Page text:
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I was in this wardrobe fitting two days ago. And I am in the deepest gratitude. So profound, it is, I have decided to share. The brilliant costumer #Allisaswanson not only designs the pieces #harperglass will wear on this new #Netflix show , but she carefully gets my legs in my pants, pulls my tops over my head, buttons my coats and offers her shoulder to steady myself. I have #multiplesclerosis . I am in an exacerbation. By the grace of the lord, and will power and the understanding producers at Netflix , I have a job. A wonderful job. I am disabled. I fall sometimes. I drop things. My memory is foggy. And my left side is asking for directions from a broken gps. But we are doing it . And I laugh and I don’t know exactly what I will do precisely but I will do my best. Since my diagnosis at ten thirty pm on The night of August 16, I have had love and support from my friends , especially @jaime_king @sarahmgellar @realfreddieprinze @tarasubkoff . My producers #noreenhalpern who assured me that everyone has something. #chrisregina #aaronmartin and every crew member... thank you. I am in the thick of it but I hope to give some hope to others. And even to myself. You can’t get help unless you ask. It can be overwhelming in the beginning. You want to sleep. You always want to sleep. So I don’t have answers. You see, I want to sleep. But I am a forthcoming person and I want my life to be full somehow. I want to play with my son again. I want to walk down the street and ride my horse. I have MS and I am ok. But if you see me , dropping crap all over the street, feel free to help me pick it up. It takes a whole day for me alone. Thank you and may we all know good days amongst the challenges. And the biggest thanks to @elizberkley who forced me to see her brother #drjasonberkley who gave me this diagnosis after finding lesions on that mri. I have had symptoms for years but was never taken seriously until I fell down in front of him trying to sort out what I thought was a pinched nerve. I have probably had this incurable disease for 15 years at least. And I am relieved to at least know. And share. 🖤 my instagram family... you know who you are.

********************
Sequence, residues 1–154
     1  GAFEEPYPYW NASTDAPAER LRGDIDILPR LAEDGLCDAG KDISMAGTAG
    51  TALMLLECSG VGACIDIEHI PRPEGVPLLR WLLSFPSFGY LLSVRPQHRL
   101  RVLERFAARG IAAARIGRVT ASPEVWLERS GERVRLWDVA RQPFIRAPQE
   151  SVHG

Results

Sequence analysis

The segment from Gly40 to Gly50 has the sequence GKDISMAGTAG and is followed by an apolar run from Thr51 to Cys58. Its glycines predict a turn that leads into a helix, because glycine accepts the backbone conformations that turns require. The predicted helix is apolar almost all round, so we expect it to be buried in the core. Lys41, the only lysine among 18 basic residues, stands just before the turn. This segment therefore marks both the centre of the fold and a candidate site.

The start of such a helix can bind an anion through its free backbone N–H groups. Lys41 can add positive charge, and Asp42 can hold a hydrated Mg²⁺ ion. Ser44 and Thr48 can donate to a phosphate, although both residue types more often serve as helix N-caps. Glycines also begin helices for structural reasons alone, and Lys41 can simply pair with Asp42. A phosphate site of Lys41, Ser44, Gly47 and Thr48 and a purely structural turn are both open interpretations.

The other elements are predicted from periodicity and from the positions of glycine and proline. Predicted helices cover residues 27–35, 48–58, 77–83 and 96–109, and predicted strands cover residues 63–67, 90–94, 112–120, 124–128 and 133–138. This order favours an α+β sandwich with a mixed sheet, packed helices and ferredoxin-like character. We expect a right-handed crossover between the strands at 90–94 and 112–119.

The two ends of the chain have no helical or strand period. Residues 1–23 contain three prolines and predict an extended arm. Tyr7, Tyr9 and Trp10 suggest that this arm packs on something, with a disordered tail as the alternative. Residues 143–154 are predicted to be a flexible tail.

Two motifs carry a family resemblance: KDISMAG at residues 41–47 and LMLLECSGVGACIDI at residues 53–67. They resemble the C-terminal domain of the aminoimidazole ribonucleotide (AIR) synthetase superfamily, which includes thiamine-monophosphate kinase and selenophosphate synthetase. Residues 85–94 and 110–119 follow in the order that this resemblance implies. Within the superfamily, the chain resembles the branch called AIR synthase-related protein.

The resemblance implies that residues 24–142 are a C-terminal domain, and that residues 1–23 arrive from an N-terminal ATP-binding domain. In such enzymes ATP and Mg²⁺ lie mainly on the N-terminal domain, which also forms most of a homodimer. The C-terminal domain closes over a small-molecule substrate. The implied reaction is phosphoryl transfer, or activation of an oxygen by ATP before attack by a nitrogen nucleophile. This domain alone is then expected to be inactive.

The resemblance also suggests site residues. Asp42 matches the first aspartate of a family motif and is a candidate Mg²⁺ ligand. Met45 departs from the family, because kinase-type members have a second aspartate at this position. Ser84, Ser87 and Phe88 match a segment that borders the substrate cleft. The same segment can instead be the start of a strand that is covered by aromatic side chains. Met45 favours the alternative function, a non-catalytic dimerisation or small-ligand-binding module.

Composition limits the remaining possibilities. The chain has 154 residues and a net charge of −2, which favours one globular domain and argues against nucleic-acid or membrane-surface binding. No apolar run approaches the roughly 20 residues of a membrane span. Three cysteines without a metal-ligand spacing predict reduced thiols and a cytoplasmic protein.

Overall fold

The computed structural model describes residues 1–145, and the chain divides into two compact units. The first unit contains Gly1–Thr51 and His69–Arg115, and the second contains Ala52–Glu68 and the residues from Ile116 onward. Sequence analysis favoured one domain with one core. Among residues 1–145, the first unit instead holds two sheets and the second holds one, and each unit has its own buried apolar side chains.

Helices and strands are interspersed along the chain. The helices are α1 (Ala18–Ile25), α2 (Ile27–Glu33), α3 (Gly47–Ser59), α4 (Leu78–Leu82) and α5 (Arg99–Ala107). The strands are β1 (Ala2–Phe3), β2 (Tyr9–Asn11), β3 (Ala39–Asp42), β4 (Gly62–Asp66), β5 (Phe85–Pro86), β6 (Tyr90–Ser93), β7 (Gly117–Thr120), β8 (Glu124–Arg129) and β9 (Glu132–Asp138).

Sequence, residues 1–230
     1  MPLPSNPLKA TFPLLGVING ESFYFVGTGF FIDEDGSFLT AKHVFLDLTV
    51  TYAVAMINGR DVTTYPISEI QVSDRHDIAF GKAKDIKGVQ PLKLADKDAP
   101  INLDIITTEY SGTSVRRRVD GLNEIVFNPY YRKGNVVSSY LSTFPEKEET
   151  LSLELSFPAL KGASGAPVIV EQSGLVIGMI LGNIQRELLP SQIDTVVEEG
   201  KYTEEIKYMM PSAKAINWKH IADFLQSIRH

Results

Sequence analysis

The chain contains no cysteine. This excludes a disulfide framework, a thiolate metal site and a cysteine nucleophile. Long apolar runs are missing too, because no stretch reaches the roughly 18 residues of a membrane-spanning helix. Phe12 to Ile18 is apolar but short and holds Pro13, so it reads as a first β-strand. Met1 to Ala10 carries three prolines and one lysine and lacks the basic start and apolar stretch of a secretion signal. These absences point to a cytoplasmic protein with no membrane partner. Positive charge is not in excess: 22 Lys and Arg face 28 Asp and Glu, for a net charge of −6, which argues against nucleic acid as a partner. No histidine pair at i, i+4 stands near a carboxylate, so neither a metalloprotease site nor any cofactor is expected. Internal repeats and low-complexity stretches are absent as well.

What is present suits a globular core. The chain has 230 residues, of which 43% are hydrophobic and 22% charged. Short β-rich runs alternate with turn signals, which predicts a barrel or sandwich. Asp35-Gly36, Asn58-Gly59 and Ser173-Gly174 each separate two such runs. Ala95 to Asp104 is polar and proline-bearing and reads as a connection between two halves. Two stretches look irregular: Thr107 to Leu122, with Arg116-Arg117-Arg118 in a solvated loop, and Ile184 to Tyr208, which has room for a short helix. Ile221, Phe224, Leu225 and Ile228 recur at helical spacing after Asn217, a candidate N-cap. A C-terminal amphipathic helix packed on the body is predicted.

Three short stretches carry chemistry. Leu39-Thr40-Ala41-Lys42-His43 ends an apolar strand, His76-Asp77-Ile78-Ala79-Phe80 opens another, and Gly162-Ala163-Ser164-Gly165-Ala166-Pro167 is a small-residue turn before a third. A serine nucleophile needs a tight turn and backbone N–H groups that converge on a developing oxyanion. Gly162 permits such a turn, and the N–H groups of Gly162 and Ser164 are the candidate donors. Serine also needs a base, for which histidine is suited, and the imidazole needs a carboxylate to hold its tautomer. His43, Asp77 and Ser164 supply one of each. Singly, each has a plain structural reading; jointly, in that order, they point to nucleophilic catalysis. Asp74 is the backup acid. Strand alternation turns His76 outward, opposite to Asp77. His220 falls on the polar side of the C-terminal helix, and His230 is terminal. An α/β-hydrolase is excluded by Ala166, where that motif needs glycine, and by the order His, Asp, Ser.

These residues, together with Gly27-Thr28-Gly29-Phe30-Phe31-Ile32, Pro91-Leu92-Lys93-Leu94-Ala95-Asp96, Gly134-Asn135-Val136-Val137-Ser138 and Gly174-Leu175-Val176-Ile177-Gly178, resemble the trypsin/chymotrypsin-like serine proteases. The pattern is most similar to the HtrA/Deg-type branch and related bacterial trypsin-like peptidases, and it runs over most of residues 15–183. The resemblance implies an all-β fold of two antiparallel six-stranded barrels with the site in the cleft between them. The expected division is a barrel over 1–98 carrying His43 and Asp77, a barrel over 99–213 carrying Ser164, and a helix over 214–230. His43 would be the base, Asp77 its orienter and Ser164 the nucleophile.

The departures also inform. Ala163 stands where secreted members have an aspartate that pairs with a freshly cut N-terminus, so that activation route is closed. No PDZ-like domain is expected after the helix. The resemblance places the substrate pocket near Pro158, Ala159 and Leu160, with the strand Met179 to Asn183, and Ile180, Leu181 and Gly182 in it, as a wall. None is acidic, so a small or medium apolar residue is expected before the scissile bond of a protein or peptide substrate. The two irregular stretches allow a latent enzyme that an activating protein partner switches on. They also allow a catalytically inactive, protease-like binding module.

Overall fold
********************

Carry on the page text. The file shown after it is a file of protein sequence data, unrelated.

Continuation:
A post shared by Selma Blair (@selmablair) on

The condition can cause lost of different symptoms, and that they can vary from person to person. However, here are some of the common early symptoms to look out for.

1.  Fatigue

Extreme tiredness is one of the most debilitating symptoms of MS, as it can make it difficult to carry out everyday tasks.

2. Problems with your sight

For around one in four people, the first symptom to be noticed is problem with one of the eyes.

3. Vertigo

This unpleasant symptom is characterised by dizziness or feeling like the room is spinning.

4. Loss of balance and coordination

Difficulty walking and needing to stabilise yourself is another common symptom of MS.

5. Numbness and tingling

Numbness and tingling are two of the most common symptoms of multiple sclerosis.

6. Stiff muscles

Spasticity is a symptom of MS that causes your muscles to feel heavier and more stiff than usual.

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One of the many reasons we #WalkMS

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7. Bladder or bowel problems

This includes constipation, loss of bowel control and diarrhoea.

If you’re worried you may have the early signs of MS, you should speak to your GP. Often, the early symptoms will be linked to other less serious causes, so there’s no immediate reason to panic.

- Press Association